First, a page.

George Joseph, the billionaire auto-insurance magnate, hopes it will be enough to score votes from a plurality of Californians -- that's how much of his personal fortune he'd spent, as of Nov. 3, to push Proposition 33. (For the latest, check out the nonpartisan Voter's Edge website; if his spending rises, that'll be reflected here.)
And Prop 33 is actually Joseph's second bite at the apple. In June 2010, the company he founded, Mercury, spent $16 million on the similarly phrased Prop. 17, only to lose, narrowly.
The goal? Allowing insurance companies to extend discounts to customers who've had uninterrupted coverage for at least five years -- even if they switched insurance companies during that period.
Joseph and his backers say that it would allow more competition for customers -- resulting in lower rates. Consumer groups counter that it would basically mean anyone who hasn't had continuous coverage -- young people, poor people -- would pay more. (Prop 33 explicitly exempts veterans, people who've been laid off, and children living in their parents' home.)
So why does George Joseph care? To understand that, it's worth taking a look at his surprising back-story.
According to Mercury's website, Joseph has a biography good enough to tempt Joe Biden's appropriation. The son of Lebanese immigrants, he was born in West Virginia, where his father worked as a coal miner and small business owner. After enlisting in the Air Force, he fought in World War II and then attended Harvard on the GI Bill.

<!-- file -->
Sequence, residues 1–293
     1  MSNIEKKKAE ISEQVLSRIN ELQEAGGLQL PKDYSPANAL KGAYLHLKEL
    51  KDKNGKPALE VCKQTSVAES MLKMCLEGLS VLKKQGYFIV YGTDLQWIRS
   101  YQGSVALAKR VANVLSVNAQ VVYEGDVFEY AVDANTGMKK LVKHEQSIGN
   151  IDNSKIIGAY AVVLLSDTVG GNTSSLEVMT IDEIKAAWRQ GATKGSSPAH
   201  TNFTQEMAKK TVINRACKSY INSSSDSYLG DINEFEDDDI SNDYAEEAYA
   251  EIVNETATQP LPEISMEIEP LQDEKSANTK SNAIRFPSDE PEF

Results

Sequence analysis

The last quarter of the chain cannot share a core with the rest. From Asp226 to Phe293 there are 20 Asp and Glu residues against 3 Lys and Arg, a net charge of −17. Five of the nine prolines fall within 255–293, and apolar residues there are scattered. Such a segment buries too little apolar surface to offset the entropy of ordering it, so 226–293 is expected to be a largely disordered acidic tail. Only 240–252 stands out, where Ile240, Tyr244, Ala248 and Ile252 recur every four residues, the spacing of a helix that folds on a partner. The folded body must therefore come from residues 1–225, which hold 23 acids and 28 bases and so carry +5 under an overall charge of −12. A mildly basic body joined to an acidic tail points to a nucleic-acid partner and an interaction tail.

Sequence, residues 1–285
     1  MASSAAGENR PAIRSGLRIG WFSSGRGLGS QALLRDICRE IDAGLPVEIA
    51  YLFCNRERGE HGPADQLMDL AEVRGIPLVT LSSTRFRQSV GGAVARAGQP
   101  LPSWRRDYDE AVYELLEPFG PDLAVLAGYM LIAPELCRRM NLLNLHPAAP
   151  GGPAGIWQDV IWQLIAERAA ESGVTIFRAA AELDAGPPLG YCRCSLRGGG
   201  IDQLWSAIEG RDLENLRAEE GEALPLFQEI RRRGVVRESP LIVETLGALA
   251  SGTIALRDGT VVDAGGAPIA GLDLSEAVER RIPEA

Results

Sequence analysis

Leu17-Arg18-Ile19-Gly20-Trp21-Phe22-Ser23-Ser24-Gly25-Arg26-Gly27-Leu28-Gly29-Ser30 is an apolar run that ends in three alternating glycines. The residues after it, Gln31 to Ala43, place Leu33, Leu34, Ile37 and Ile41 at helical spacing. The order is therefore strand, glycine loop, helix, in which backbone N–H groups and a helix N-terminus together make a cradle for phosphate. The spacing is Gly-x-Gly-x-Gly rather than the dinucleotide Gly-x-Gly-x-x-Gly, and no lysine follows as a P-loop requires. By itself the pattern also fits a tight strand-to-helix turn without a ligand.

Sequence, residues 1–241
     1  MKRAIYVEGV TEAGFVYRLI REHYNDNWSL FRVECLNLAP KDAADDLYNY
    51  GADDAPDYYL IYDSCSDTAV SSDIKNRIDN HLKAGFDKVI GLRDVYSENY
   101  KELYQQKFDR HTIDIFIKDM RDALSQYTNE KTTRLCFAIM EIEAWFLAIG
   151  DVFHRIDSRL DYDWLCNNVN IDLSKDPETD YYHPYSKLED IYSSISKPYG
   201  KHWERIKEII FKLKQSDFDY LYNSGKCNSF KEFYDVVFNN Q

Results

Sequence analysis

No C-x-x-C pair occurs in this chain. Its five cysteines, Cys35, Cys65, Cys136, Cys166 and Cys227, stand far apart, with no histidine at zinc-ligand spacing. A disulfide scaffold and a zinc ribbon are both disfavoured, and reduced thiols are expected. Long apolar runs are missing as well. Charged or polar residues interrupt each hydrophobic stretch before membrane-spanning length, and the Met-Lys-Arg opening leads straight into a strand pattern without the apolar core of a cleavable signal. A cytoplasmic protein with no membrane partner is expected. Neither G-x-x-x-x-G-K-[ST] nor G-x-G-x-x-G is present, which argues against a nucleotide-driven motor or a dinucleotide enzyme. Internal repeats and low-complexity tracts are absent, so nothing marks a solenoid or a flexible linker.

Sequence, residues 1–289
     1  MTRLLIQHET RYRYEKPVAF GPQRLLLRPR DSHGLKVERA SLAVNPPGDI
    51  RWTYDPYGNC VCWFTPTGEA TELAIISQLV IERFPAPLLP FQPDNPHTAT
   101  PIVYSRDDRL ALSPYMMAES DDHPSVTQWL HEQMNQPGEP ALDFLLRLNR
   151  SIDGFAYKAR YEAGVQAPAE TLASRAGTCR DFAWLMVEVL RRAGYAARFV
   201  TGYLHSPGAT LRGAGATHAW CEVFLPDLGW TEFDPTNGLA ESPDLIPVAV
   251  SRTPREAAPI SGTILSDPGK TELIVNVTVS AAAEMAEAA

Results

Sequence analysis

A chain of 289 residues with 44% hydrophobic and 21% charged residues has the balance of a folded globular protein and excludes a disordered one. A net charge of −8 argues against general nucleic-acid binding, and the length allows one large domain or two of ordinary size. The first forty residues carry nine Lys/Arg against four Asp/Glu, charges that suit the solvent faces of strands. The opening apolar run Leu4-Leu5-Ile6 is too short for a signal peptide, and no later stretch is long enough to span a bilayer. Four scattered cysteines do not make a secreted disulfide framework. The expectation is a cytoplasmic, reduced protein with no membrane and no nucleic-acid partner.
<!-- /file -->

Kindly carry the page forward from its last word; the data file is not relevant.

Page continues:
After the war, he started his career selling life insurance in Los Angeles. Per Mercury's website,
A lot of his customers began asking George about auto and home insurance, so he tried to persuade Occidental management to allow its agents to offer a full line of coverage. When the company declined, his remedy was to begin packaging auto and home insurance from another company with the Occidental life policies he was already selling.
This led to his belief that the private passenger auto insurance system simply wasn't very flexible. Back in the '50s, everyone paid the same rate, regardless of their driving record. Joseph decided he could create a new system by developing an insurance company that used different factors to create fair and equitable rates for a variety of drivers.
Armed with a belief that there was a better way to provide insurance to California drivers, he managed to raise $2 million in start-up capital and his new company sold its first policy on April 1, 1962.
"We called our company Mercury, because I wanted us to be fast and nimble, just like the Roman God of business and merchants," says Joseph.
The business was a staggering success; its assets exceed $4 billion, and Joseph is now #392 on the Forbes list, with an estimated net worth of $1.1 billion. At 91, Joseph is no longer CEO, but reportedly still goes to the office five days a week.
And, yes, he's still fighting to switch things up in the insurance industry. The question for voters is whether the real benefit will be to customers -- or insurance companies.
For more on Proposition 33, check out this comprehensive guide from Voter's Edge.